Many fat women believe they’d feel vulnerable and unwelcome at a gym.

However, the gym can actually be one of the safest and most empowering places for obese women.

One of the primary reasons the gym is a safe haven for fat women is the supportive community.

Many gyms are home to a diverse group of people who share a common goal: improving their health and fitness.

This shared purpose creates a sense of camaraderie and mutual support.

Unlike the often judgmental and superficial environments found in other social settings, the gym encourages positive reinforcement and celebrates individual progress.

Professional Guidance and Support

Another crucial aspect of the gym environment is the access it provides to professional guidance and support.

Personal trainers and fitness instructors are trained to work with individuals of all fitness levels and body sizes.

They can design customized workout plans that cater to the specific needs and goals of fat women, ensuring that they can exercise safely and effectively.

One of the objections that some overweight women have is as follows: “Personal trainers only want your money.”

Now this is silly. First off, if you want a service, you must pay for it.

Want your hair professionally cut and colored? You must pay money for this. Want a manicure or pedicure? Get your wallet. Want laser hair removal on your legs? Get your credit card.

We live in a world where few things are free. So on one hand, yes, a personal trainer wants your money, just like in whatever job YOU do for a living, you want your company to thrive so that you can keep earning a paycheck and even a raise.

But just because a trainer is eager to get a new client doesn’t mean that client will get shoddy service.

I’m a former personal trainer, and I gave my clients the best instruction money could buy.

Nevertheless, just because you join a gym doesn’t mean you must buy a training package. But keep the following in mind:

The expertise of fitness professionals is invaluable. Trainers can provide modifications and adaptations for exercises, reducing the risk of injury and making workouts more accessible.

This personalized attention helps build confidence and empowers obese women to take control of their fitness journey.

Safe and Controlled Environment

The gym is a controlled environment designed for physical activity, making it inherently safer than many other places where people might exercise.

It’s equipped with specialized equipment, safety features and knowledgeable staff who can assist in case of emergencies.

This structured setting reduces the likelihood of accidents and injuries that can occur when exercising independently or in less suitable environments.

Additionally, many gyms prioritize cleanliness and hygiene, providing a sanitary space for workouts.

This is particularly important for very overweight members, who may face additional health risks and complications.

The availability of clean facilities, locker rooms and showers ensures that they can focus on their fitness without worrying about their personal safety or well-being.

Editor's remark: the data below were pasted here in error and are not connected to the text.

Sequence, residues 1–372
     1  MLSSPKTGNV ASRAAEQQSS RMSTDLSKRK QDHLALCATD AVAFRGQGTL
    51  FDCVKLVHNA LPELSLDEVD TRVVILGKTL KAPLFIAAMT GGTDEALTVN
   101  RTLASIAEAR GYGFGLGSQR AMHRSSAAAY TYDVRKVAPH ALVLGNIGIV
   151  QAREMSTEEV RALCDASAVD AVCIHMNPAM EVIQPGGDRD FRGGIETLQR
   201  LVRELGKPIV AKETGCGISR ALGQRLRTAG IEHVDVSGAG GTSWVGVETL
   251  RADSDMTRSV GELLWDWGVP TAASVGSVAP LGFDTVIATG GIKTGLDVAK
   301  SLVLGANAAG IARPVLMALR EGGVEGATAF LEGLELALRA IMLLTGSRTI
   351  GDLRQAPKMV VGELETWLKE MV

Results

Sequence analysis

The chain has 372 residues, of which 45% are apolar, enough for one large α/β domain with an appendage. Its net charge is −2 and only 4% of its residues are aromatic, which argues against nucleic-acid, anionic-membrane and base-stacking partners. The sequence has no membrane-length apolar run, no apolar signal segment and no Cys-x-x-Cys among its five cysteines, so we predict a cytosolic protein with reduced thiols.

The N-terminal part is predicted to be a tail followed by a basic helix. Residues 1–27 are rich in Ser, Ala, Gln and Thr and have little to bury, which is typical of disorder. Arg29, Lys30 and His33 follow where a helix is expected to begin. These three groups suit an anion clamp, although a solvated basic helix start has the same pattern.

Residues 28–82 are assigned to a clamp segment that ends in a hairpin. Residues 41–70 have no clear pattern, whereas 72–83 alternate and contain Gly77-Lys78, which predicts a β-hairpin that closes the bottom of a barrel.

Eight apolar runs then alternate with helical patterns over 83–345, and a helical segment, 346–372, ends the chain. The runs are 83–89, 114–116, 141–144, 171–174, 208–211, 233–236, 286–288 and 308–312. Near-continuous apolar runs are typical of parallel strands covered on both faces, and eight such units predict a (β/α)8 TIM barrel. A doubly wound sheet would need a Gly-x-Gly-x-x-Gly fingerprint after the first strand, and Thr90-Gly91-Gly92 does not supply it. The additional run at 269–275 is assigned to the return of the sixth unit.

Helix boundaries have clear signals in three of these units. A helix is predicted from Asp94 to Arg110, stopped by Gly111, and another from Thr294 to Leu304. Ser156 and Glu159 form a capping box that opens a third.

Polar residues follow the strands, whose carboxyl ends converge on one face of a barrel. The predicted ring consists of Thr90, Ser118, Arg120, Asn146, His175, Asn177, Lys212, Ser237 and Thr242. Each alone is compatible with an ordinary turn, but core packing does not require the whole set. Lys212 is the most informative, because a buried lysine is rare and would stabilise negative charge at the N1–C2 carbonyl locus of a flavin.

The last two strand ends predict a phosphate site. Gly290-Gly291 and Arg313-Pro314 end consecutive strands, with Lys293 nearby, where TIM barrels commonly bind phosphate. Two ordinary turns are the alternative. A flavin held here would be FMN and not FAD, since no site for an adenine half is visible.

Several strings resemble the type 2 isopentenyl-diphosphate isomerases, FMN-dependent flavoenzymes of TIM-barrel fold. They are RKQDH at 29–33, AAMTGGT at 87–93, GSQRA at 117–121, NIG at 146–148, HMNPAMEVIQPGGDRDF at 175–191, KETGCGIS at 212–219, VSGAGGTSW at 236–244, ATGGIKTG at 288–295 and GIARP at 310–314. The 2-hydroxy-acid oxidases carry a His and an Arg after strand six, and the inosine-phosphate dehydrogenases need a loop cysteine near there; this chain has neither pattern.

Empowering Women

By occupying space in the gym and participating in fitness activities, fat women challenge societal stereotypes and misconceptions about their bodies and capabilities.

Their presence in the gym serves as a powerful statement against body shaming.

When obese women embrace the gym as a safe space, they reclaim control over their bodies and their narratives.

They demonstrate that everyone deserves the opportunity to pursue their wellness goals.

Building a Healthy Relationship with Exercise

Many fat women have complicated relationships with exercise due to past experiences of body shaming, negative reinforcement or association with weight loss pressures.

The gym offers an opportunity to redefine this relationship in a positive and healthy way.

By focusing on strength, endurance, flexibility and overall health rather than weight loss, very heavy women can develop a sustainable and enjoyable approach to fitness.

You Aren’t the Star Attraction

You must get past the idea that if you walk onto the gym floor, everyone will watch you.

Do you really believe that the size 8 woman who’s struggling to complete a set with heavy dumbbells — and is frustrated that her left arm isn’t as strong as her right — really cares that you weigh 310 pounds and it’s your second day at the gym?

Do you really think that the slender woman who’s frustrated because she must deadlift with a lighter-than-usual weight due to hip tendonitis really gives a damn that 17 feet away is a woman twice her body weight?

Everybody at the gym is working on something regarding their body. They don’t care about yours.

In my opinion as a lifelong gym rat, the five biggest things that rile gym members are:

  • Leaving sweat on the equipment
  • Taking long breaks between sets while sitting on the equipment to use one’s phone
  • Not unloading equipment when finished
  • Body odor
  • Not flushing the toilet

The gym setting is one of the “safest” places for very large women to be – if not the safest.

Lorra Garrick is a former personal trainer certified by the American Council on Exercise. At Bally Total Fitness, where she was also a group fitness instructor, she trained clients of all ages for fat loss, muscle building, fitness and improved health.